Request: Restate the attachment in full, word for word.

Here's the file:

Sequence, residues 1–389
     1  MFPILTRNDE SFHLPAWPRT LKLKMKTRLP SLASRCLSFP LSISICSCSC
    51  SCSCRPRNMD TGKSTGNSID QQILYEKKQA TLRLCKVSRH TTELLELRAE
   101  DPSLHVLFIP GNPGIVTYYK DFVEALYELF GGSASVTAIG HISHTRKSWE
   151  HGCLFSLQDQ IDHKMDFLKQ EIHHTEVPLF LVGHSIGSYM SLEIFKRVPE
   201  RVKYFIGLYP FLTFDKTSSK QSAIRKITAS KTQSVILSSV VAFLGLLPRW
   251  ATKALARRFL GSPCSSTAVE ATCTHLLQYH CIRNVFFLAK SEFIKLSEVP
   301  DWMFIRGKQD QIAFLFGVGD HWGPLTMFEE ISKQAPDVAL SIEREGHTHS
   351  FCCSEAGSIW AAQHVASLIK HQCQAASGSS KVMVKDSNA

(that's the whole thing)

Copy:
Sequence, residues 1–389
     1  MFPILTRNDE SFHLPAWPRT LKLKMKTRLP SLASRCLSFP LSISICSCSC
    51  SCSCRPRNMD TGKSTGNSID QQILYEKKQA TLRLCKVSRH TTELLELRAE
   101  DPSLHVLFIP GNPGIVTYYK DFVEALYELF GGSASVTAIG HISHTRKSWE
   151  HGCLFSLQDQ IDHKMDFLKQ EIHHTEVPLF LVGHSIGSYM SLEIFKRVPE
   201  RVKYFIGLYP FLTFDKTSSK QSAIRKITAS KTQSVILSSV VAFLGLLPRW
   251  ATKALARRFL GSPCSSTAVE ATCTHLLQYH CIRNVFFLAK SEFIKLSEVP
   301  DWMFIRGKQD QIAFLFGVGD HWGPLTMFEE ISKQAPDVAL SIEREGHTHS
   351  FCCSEAGSIW AAQHVASLIK HQCQAASGSS KVMVKDSNA